Collecting data from real people is both an art and a science.
Any researcher will tell you that your insights are only as good as the questions you ask. Or, in other words, “junk in, junk out.”
Part of getting good quality data relies on knowing how different aspects of survey design influence the respondent experience. One of the most fundamental of these, regardless of whatever field of social research you’re working in, is avoiding bias.
But what do we mean when we talk about bias? The Oxford dictionary defines bias as “Systematic distortion of results or findings from the true state of affairs, or any of several varieties of processes leading to systematic distortion.”
The key word here is distortion.
Bias happens when we distort the ultimate truth we’re looking for because of flaws in our research design.
There’s many reasons why participants can be swayed to answer in one direction or another. Experienced market researchers have seen what this looks like in practice – as well as its effects on findings and, ultimately, the bottom line of their clients.
When companies spend thousands of dollars (or more) on research, they need to know the results they’re getting are reliable: these often guide a lot of big, costly decisions.
The good news is there’s a lot that researchers can do to both spot and mitigate the effects of bias.
Designing against sampling bias
Before putting pen to paper and drafting questions, thoughtful survey design begins with plans around sampling. Recruiting a sample that’s representative of the broader population you’d like to draw conclusions on is crucial, otherwise the insights are only applicable to the individual group of people surveyed.
When it comes to sampling, there’s a lot of room for bias.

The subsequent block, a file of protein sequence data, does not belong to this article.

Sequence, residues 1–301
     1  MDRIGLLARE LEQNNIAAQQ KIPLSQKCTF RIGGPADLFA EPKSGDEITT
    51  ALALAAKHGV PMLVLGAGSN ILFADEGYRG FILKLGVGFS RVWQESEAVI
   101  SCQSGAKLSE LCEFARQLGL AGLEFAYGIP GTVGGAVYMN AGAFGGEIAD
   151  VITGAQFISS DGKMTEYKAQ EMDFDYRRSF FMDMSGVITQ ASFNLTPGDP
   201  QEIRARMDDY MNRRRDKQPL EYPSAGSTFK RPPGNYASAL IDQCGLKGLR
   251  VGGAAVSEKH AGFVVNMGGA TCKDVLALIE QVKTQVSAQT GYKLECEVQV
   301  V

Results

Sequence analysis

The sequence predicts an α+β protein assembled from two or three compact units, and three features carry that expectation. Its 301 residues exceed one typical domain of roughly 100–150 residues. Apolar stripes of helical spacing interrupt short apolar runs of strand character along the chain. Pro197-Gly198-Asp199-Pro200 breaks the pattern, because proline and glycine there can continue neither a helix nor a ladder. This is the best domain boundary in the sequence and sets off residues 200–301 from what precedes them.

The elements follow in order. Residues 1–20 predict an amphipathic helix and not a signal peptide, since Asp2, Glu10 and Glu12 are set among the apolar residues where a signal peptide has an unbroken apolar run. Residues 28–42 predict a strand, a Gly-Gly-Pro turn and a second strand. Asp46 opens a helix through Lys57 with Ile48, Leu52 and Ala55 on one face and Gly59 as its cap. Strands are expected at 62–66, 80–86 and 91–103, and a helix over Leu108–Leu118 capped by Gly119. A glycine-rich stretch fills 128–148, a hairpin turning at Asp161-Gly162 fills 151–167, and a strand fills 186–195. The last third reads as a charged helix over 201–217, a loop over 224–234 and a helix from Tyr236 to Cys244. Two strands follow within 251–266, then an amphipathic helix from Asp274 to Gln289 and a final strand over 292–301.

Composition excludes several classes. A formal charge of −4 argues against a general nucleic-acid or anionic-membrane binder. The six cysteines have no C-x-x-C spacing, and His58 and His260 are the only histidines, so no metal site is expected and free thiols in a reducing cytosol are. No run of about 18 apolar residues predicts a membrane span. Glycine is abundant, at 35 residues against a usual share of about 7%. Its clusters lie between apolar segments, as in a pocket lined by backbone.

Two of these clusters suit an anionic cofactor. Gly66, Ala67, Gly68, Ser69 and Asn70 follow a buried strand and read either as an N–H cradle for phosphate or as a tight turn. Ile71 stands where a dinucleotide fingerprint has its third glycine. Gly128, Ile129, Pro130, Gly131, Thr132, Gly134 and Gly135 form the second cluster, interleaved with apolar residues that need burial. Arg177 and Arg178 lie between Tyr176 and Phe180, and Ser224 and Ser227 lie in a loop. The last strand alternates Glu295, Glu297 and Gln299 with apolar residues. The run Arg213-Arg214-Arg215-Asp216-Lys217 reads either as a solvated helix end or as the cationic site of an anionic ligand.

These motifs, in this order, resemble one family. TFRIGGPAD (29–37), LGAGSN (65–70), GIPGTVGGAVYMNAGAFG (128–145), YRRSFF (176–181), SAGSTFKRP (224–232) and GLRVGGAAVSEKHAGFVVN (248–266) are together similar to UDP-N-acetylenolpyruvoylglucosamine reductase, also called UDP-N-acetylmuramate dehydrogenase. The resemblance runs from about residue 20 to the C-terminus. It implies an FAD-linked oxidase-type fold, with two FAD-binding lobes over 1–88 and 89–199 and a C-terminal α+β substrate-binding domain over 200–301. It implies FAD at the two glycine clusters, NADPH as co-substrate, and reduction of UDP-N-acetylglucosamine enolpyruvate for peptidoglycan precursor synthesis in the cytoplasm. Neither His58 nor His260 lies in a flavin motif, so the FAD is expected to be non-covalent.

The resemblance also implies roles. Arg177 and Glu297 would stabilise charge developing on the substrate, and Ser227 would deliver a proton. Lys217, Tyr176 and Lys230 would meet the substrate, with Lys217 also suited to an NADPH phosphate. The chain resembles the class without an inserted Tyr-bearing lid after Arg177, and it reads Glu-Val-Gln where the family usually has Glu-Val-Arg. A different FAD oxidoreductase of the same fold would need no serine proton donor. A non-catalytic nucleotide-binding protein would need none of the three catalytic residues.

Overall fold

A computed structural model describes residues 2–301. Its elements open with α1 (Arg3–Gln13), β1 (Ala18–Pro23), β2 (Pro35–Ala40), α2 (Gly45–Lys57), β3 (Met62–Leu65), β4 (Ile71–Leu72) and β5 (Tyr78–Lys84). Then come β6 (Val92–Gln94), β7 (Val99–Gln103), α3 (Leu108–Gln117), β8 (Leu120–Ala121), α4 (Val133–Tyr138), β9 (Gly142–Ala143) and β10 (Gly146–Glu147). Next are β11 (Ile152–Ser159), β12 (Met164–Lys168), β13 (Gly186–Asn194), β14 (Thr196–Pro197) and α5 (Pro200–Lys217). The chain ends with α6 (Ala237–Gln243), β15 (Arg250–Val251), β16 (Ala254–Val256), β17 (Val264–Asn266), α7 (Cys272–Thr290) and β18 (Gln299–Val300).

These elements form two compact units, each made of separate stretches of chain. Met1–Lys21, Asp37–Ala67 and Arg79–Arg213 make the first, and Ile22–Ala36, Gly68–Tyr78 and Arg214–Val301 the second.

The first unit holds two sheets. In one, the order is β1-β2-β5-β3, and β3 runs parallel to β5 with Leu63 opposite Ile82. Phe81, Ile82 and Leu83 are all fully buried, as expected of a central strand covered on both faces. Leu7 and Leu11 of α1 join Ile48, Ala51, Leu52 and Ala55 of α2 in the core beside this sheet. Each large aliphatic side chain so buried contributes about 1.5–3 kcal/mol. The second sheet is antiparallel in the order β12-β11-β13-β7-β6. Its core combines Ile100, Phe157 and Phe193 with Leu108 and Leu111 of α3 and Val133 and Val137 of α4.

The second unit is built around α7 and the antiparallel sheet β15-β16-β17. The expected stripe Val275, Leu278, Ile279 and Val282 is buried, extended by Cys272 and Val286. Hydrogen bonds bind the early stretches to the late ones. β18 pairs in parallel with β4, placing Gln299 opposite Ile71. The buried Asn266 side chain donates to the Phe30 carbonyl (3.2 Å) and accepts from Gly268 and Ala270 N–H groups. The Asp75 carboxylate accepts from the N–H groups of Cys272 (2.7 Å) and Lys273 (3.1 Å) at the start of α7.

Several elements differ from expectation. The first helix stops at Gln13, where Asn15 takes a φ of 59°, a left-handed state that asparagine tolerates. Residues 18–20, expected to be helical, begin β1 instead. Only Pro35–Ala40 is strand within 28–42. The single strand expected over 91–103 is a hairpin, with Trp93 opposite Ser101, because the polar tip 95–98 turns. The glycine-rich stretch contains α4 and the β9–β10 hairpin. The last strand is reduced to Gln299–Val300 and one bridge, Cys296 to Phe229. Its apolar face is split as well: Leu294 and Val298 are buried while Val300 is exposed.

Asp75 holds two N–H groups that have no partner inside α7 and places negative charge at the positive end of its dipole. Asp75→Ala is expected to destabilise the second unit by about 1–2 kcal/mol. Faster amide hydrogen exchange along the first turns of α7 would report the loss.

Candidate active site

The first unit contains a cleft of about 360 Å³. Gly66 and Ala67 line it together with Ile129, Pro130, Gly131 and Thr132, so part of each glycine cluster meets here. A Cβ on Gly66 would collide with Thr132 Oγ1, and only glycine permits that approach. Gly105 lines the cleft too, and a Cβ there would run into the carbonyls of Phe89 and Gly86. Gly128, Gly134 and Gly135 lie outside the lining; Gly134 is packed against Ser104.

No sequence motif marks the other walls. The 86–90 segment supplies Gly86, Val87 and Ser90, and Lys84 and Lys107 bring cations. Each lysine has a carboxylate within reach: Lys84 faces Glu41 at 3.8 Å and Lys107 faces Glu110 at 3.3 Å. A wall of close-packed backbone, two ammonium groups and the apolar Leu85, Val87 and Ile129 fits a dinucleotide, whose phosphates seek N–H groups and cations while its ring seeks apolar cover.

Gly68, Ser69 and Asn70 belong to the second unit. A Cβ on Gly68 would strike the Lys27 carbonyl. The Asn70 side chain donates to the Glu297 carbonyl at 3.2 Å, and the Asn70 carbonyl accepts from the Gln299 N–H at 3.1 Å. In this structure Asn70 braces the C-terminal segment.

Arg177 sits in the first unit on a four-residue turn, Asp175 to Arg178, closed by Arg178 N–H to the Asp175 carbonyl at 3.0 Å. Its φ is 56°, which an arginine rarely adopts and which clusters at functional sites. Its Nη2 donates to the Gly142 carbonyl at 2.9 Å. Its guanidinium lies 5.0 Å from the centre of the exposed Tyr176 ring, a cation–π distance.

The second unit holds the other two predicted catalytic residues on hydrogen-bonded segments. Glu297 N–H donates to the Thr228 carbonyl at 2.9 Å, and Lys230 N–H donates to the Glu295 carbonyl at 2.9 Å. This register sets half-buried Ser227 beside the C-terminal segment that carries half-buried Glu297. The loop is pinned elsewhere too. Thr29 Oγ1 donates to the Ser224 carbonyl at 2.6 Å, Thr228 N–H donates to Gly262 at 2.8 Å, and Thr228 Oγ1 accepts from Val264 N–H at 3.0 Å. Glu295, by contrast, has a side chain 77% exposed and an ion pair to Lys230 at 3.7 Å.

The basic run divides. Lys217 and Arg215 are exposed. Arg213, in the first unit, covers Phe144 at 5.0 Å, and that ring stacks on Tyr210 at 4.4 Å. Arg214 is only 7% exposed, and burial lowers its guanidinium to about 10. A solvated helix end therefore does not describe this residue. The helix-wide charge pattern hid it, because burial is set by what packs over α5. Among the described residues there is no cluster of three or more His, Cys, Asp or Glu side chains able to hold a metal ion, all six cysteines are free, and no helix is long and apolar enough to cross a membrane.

In the early days, standard market research practice was to interview respondents face-to-face or on the telephone. This meant going door-to-door to find willing participants, calling names out of a phone book, or, as was sometimes the case, interviewing people out in the world.
While the former two options offer researchers more control, the latter is very vulnerable to sampling bias.
Let’s say, for example, you want to research in-store consumer shopping habits. An easy way to do this might be to ask people who happen to be in a mall to participate in your research.
While we can probably assume these respondents are, in some form, “shoppers”, there’s no way of telling if this study broadly reflect the “shopper” population in the place we’re trying to understand.
There’s a ton of things that influence who our mall participants are and their distinct behaviors. For example:
- Will we be recruiting participants on a weekday (when many adults are at work) or on a weekend?
- Are we researching close to a holiday, when lots of people who don’t normally go to malls are out shopping?
- What’s the makeup of the mall – is it mainly premium stores that attract wealthier, more affluent patrons?
- Is it hard to get to – meaning only those with access to their own cars can shop there?
- What about all the shoppers who decline to participate?
They’re very different from those who are willing, and will skew results due to non-response bias.
In this hypothetical study, there’s really no way to generalize our findings from willing mall participants to the greater population of shoppers.
Quotas and representation
Since most consumer research has moved online, the effects of sampling bias are less dramatic as in the previous example. But there are still major considerations in avoiding this pitfall.
It’s crucial to work with reputable and experienced panel providers who cast a wide net in how and where they recruit respondents online.
Setting quotas for demographic indicators – such as age, gender, race or ethnicity, income, and education – is also important in avoiding bias. The key is ensuring your sample looks at the broader population you’re studying.
Even with quotas, data must be weighted – meaning the survey sample is “corrected” mathematically to more accurately mirror the demographic distribution of the population in question.
Priming the respondent
Apart from sampling, there are key elements of bias to try and avoid in questionnaire design.
One of these is called priming. According to Marketing Society, this happens when “our brains make unconscious connections to our memory so that exposure to a prime increases the accessibility of information already existing in the memory”.
Essentially, respondents in your survey already had a memory stored, but you’ve boosted their recall. Here is an example:
Say you’re writing a survey to understand consumer perceptions of an ad.
First you ask them questions about the brand that created the ad, mention the campaign the ad was featured in, and outline products or services the brand provides.